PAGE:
Commonly as is with cannabis, it never really gets the complete acknowledgment and respect it deserves in regards to how it can help the human body. Too often referred to (exclusively and solely) as a gateway drug, the incorporation of cannabis products can also work to ease someone through the intense withdrawal symptoms that come along with ditching pharmaceutically-produced painkillers – and can even be more effective in keeping the patient from relapsing (after all, that’s the overall goal in this era’s war on drugs, isn’t it?). Furthermore, the mere fact that it is impossible to overdose on cannabis products is probably one of the biggest reasons why it should be one of the first choices turned to when it comes to getting someone off opioids. Likewise, when trying to wean someone off a powerful painkiller with other opioid-based substances (such as Methadone, Suboxone, or other less-intense painkillers), withdrawal is always an all-too-likely risk. And aside from the fact that cannabis can remedy nearly all the side effects of opioid withdrawal, it is also much more accessible and affordable to individuals who are seeking help than, say, an extended stay at a rehab treatment facility. With all this being said, it should be pointed out that cannabis is not being advocated as a perfect solution, but rather an extremely effective and economical one in the fight against the growing opioid epidemic.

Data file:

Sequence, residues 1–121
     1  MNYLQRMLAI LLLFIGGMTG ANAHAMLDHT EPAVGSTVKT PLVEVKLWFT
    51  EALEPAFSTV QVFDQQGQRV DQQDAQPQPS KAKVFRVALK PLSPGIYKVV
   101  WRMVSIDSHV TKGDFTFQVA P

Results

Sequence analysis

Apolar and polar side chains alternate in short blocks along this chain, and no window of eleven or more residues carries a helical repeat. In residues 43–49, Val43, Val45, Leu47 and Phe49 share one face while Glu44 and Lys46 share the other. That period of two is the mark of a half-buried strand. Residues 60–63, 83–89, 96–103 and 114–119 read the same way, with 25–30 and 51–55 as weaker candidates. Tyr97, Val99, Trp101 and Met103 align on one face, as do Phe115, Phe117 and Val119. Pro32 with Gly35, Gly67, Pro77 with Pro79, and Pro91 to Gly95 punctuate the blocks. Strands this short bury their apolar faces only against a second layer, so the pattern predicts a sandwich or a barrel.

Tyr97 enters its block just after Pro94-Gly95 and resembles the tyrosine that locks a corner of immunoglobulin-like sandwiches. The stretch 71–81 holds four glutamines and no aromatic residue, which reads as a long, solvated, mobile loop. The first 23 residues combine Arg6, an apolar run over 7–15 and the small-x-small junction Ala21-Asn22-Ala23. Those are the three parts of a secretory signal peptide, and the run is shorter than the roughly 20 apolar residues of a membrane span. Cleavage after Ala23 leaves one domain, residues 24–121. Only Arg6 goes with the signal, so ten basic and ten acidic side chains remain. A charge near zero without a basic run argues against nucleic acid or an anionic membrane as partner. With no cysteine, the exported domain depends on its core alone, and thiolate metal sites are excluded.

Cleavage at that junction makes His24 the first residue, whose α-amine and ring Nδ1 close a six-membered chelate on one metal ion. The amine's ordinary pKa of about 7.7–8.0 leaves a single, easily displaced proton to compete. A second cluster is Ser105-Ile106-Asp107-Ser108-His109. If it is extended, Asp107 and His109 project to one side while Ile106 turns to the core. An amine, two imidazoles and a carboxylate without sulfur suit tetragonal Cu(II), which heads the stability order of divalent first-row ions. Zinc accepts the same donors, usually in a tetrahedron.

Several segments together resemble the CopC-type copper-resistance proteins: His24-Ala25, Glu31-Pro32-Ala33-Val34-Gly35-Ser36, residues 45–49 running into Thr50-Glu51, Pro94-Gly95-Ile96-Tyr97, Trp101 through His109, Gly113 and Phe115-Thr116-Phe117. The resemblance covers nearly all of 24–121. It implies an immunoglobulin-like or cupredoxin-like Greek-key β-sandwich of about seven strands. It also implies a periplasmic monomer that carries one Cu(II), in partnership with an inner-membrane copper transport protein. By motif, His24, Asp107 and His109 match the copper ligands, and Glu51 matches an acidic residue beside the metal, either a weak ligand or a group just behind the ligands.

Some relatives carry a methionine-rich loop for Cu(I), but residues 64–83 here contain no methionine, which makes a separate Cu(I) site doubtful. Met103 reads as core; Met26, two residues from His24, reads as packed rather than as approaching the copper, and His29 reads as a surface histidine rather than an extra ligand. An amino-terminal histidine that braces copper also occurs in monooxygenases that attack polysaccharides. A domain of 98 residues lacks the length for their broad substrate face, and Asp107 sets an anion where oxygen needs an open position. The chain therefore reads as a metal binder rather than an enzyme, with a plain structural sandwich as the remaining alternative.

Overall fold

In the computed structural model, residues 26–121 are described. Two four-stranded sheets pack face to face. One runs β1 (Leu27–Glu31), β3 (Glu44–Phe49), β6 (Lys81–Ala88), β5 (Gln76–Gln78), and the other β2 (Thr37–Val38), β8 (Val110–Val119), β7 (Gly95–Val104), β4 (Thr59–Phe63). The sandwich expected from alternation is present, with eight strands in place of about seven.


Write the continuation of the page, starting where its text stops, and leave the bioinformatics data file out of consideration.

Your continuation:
Harm reduction therapy has been gaining popularity in the movement to embrace cannabis for its medicinal advantages. In theory, harm reduction advocates that by providing an opioid addict with a substitutive, less harmful substance to replace opioids with, then it is a step in the right direction which can only be beneficial. And that other substance that will serve as a stepping stone is none other than cannabis. As mentioned, it is the ideal medicine that would alleviate all the harsh symptoms of withdrawal, while also helping the patient maintain a positive state of mind – something that is crucial for someone in their position if they wish to be successful in their efforts. At the end of the treatment, whether the patient chooses to continue her/his trials with cannabis or become abstinent from all substances, the individual is an overall healthier person who can contribute so much more to society. So then why has it not been used as the main weapon in this fight?